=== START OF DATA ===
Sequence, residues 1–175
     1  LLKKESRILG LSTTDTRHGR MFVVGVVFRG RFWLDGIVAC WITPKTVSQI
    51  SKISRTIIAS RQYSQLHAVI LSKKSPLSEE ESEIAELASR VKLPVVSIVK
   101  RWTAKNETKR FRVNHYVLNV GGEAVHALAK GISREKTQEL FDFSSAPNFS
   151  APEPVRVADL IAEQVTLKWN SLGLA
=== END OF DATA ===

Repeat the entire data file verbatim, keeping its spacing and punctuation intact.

Sequence, residues 1–175
     1  LLKKESRILG LSTTDTRHGR MFVVGVVFRG RFWLDGIVAC WITPKTVSQI
    51  SKISRTIIAS RQYSQLHAVI LSKKSPLSEE ESEIAELASR VKLPVVSIVK
   101  RWTAKNETKR FRVNHYVLNV GGEAVHALAK GISREKTQEL FDFSSAPNFS
   151  APEPVRVADL IAEQVTLKWN SLGLA